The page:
I’ve been off. For a long time. But I’m coming back with lots to tell. Firstly let’s do a then & now to summarize a fews items.
I wanted to get back to working with people, in classrooms, so I applied for and was chosen to work at Heritage High School as an instructional technology teacher. It feels good to be a regular on a campus. I get to hear, “hi Mr. Butler” again. I missed that. I’m working in depth with a handful of teachers, running some side projects with digital citizenship and social media, and showing teachers ninja moves with ed tech. A couple of those teachers I work closely with have been starting to use Desmos, particularly the activity builder content.
My wife and I are expecting a child on valentine’s day. We don’t know if it’s a boy or a girl, and honestly I’m not sure if I’m biased one way or the other. People keep asking us if we’ve at least got a name. Some have encouraged to follow the J-trend from our families. My name is Jed, and I have an older sister (Julia) and a younger brother (Jake). Both of my brothers-in-law are J’s (Justin and James), and my nephews are Jace and Jayden. I think we’ve about exhausted it, so we’re aiming for something from the other 25 letters from the english alphabet.
For those that don’t recognize it, the image is from Son of Flubber, the follow-up of Disney’s Absent Minded Professor. Friends and family sometimes listen to what I say and they imagine this guy in the picture, conjuring up crazy experiments for the classroom. In my position as a coach, I’ve lost the opportunity to use my own classroom as a lab, but the alternative is actually turning out to be awesome. After some convincing, the teachers that I work with volunteer to host my experiments. I’ve been able to see students use Google drawings and slideshows to improve vocabulary in a Spanish classroom by personalizing the content, 3 ELA teachers are piloting a new internal blogging system that utilizes the open platform from wordpress.org, help support the video production course in establishing a daily news show, desmos activities in math classrooms, and building a digital citizenship program for the freshmen foundations courses. The assistant director in my district now shares a workflow spreadsheet with me entitled “Jed’s Hair-Brained Schemes”.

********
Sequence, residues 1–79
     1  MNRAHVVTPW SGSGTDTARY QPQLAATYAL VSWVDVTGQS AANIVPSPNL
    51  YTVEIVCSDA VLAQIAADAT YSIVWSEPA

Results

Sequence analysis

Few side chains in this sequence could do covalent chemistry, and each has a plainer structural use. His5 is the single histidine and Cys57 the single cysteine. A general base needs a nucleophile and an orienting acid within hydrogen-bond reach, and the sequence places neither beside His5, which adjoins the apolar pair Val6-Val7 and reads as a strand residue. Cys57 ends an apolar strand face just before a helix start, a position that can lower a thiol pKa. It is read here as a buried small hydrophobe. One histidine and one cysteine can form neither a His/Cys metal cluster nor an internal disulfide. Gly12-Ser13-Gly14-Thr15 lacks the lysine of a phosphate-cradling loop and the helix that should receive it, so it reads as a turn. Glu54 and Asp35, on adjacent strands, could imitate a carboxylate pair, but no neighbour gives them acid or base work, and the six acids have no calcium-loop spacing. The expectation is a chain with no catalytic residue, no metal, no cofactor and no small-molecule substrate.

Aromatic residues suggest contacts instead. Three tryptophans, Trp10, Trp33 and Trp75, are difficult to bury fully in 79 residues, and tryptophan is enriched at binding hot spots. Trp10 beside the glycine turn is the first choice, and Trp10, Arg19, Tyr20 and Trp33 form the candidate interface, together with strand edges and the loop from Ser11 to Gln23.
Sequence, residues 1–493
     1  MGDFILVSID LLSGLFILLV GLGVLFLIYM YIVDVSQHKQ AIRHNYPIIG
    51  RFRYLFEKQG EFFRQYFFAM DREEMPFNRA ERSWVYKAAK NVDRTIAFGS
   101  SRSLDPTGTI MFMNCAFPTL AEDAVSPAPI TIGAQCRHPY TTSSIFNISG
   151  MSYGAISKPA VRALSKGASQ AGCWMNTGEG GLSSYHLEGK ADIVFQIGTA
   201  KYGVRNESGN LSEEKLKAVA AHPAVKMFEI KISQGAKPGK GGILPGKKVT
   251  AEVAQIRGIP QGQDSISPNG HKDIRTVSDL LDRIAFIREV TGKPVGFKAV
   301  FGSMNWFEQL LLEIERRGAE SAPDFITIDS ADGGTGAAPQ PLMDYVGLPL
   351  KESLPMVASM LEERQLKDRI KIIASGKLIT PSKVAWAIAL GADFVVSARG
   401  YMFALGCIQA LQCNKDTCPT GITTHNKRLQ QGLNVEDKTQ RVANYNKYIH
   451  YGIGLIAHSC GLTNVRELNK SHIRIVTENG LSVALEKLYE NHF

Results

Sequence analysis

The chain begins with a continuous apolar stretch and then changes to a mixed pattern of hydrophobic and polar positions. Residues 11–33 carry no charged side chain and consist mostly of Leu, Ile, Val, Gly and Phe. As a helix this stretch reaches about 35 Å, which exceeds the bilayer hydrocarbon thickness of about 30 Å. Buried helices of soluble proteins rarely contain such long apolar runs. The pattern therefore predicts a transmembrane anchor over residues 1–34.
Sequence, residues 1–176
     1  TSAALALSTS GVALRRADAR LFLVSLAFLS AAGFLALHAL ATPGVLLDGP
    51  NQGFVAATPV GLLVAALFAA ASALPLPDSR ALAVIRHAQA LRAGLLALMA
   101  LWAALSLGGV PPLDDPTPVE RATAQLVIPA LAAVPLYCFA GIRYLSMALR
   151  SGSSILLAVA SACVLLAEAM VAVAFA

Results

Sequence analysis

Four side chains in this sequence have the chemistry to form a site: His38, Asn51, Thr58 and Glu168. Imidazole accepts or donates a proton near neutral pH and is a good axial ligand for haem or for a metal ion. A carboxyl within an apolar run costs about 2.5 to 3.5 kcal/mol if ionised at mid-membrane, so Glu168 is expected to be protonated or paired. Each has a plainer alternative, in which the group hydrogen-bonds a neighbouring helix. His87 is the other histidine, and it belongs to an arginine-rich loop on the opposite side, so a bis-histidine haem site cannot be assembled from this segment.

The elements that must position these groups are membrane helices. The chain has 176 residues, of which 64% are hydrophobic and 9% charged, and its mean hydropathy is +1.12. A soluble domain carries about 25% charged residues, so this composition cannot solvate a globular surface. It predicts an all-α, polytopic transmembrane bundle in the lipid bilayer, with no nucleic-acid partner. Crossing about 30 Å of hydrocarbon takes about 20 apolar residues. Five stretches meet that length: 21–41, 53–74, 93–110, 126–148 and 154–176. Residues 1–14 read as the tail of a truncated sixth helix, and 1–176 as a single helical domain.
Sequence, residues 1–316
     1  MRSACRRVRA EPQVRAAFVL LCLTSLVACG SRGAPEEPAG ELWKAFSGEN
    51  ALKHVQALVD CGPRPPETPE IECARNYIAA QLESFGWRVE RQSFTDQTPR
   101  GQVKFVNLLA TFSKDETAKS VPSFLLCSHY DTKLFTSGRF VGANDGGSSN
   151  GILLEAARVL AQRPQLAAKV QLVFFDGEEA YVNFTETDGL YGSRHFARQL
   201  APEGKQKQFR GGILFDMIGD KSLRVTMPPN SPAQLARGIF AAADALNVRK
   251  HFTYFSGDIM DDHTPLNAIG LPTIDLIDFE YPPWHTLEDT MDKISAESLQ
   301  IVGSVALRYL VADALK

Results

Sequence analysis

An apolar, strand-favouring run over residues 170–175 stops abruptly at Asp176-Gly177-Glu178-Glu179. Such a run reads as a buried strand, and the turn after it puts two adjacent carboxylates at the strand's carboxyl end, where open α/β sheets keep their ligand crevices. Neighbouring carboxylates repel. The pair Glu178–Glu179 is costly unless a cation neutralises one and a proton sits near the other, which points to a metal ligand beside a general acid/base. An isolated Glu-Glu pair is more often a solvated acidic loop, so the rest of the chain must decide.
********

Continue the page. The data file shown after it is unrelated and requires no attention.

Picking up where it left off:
With all this excitement, I still want to do some old favorites – so I have plans for two big math + tech series, both housed over at transformulas.org.
- I love transformations, and I see how it builds a backbone for secondary math in today’s classroom. I need to share this conversation with others. So I’m writing about it over the next while (let “while” be somewhere between 6 months and a year; I really have no idea of the time line)
- Desmos Activity builder is awesome. I need to push myself to use it more. (Others should too). I want to dive into lesson (re)design playing in the desmos platform. No set goal here, but more a desire to build.
Upon returning from Twitter Math Camp 2014 I felt like this:
I didn’t really know how to process it. I couldn’t compare my experience to another TMC because this was my first. As the weeks approached, I felt a little like a the slow crescendo.
I arrived late with John Stevens, Mrs. Stevens, and Sadie Estrella late the night before the big event. We had great conversation and got to sleep a few hours after midnight, just a few hours before needing to be up for the big show at Jenks High School. Around 7am, we start seeing faces. For some this is a long awaited reunion, and for others this is a first encounter. No matter the previous experience, everyone seemed to be feeling like this as twitter handles turned into real life:
In some ways I didn’t truly understand what was happening around me. I’ve felt like the outlier in my incessant passion for math and learning. Our backgrounds were varied, the common ground of interests kept us bouncing from one conversation to the next.
Then we get to the facility.